If you have created a comprehensive estate plan you are doing better than over half of all Americans who, studies show, have yet to create theirs. Just because you are ahead of the game, however, doesn’t mean you can stop there. Creating your estate plan is only the first step in protecting yourself, your assets, and your loved ones. The next, and most important step is to review and revise your estate plan on a regular basis and when events require it. Of course, it helps to know what events should cause an estate plan revision. While there may be others, the following are common events and changes in your life that warrant a review and possible revision of your estate plan.
Marriage – your marriage, or the marriage of a beneficiary.
Divorce – your divorce or the divorce of a beneficiary
Birth or adoption – although yet to be born beneficiaries can be included in generic terms, it is always best o include them by name once they are actually born
Death – death of a beneficiary obviously calls for a revision; however, so does the death of a Trustee, Executor, Guardian, or anyone else who holds a position in your estate plan.
Major change in assets – a well drafted estate plan will account for future changes in your asset structure; however, major changes warrant at least a review of your plan to see how the change impacts your overall plan.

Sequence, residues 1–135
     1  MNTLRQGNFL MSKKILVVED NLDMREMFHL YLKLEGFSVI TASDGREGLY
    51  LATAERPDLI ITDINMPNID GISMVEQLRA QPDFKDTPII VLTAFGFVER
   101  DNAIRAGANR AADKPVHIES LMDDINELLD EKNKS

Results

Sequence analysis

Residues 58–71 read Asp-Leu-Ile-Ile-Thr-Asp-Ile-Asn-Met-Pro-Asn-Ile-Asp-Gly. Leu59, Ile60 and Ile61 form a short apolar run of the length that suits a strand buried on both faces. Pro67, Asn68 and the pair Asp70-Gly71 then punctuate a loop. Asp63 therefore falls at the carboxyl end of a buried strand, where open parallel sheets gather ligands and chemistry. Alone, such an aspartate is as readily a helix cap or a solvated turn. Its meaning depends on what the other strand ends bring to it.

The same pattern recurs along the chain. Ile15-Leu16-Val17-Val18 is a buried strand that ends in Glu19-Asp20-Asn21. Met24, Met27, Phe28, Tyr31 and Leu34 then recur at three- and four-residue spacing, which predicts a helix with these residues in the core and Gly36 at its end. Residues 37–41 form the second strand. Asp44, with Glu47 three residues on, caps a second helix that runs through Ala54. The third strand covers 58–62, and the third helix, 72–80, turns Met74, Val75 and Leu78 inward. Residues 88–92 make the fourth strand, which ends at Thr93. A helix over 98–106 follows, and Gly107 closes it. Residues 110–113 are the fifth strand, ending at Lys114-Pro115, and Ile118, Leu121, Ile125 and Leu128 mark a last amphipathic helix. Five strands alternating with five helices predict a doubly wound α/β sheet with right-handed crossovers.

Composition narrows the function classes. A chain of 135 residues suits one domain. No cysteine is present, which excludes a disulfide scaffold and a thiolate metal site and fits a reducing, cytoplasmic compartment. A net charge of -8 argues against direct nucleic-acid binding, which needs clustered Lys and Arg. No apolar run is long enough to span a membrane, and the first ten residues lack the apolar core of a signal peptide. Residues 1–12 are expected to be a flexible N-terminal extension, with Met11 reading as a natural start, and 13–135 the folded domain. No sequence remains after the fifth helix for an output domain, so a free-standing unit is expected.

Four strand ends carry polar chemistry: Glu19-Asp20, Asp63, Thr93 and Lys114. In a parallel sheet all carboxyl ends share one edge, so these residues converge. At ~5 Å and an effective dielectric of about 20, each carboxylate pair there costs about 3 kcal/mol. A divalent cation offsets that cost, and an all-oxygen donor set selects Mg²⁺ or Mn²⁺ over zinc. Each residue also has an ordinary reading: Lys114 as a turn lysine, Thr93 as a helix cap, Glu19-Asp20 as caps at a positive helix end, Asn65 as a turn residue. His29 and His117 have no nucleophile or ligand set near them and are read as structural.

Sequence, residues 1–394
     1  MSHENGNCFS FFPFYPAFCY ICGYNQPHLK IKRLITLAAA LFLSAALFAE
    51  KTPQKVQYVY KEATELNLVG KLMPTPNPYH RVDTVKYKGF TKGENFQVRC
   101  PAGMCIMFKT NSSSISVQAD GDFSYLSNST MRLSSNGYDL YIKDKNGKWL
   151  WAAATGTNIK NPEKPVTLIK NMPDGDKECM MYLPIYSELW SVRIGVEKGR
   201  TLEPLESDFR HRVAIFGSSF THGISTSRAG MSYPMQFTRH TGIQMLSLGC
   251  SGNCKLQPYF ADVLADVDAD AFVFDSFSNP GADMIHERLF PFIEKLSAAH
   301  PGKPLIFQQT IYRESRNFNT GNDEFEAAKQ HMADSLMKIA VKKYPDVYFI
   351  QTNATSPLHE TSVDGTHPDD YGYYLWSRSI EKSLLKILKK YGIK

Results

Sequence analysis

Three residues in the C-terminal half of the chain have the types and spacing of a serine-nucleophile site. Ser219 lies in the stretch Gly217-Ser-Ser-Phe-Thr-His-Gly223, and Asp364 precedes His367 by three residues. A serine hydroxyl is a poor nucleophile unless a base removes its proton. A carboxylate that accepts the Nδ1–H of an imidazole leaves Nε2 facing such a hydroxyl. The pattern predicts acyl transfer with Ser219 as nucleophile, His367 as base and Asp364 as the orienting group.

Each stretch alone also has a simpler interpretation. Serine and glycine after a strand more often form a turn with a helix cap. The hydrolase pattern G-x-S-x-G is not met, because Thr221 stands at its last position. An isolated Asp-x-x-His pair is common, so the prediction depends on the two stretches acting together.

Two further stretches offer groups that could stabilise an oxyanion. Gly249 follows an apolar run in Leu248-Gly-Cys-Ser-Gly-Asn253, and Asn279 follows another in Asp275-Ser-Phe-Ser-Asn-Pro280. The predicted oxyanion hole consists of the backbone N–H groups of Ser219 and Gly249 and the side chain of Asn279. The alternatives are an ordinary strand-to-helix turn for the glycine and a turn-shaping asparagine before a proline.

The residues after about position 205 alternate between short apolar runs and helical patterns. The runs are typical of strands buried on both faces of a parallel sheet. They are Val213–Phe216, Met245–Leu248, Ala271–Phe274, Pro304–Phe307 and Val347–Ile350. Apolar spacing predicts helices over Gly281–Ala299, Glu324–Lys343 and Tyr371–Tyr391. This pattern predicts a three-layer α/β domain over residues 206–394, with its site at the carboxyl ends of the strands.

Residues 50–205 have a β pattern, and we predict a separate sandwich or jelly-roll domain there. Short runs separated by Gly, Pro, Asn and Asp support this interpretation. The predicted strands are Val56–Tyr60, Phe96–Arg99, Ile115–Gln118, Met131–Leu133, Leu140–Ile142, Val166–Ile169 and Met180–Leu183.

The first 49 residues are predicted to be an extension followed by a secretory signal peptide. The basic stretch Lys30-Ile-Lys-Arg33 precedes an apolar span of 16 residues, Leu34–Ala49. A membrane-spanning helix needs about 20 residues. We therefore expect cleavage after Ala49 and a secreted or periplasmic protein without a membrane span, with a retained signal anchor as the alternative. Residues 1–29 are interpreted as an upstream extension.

Move out of state – wills, trusts, and estates are governed by state laws as well as federal laws. Therefore, a move to a new state requires you to review your plan to account for any changes in state laws that affect the plan.
Started or sold business – business succession planning should be included in your overall estate plan if you own a business. Therefore, starting one or selling one will call for a changes to your plan.
Illness or incapacity – if a beneficiary is diagnosed with a serious illness, or suddenly becomes incapacitated, you may need to make changes in your estate plan to account for his or her long-term care.
Change in the law – laws are always subject to change. When a change in the law impacts your plan it is time to revise your plan.
Passage of time – even if none of the above events has prompted a review of your estate plan you should do so every three to five years anyway just to make sure everything is current and you didn’t overlook an event that should have caused a revision.
Even a well thought out and expertly drafted estate plan can fail if a life event caused the plan to become ineffective. For this reason, be sure to make necessary revisions to your estate plan by consulting with your New York estate planning attorney on a regular basis.
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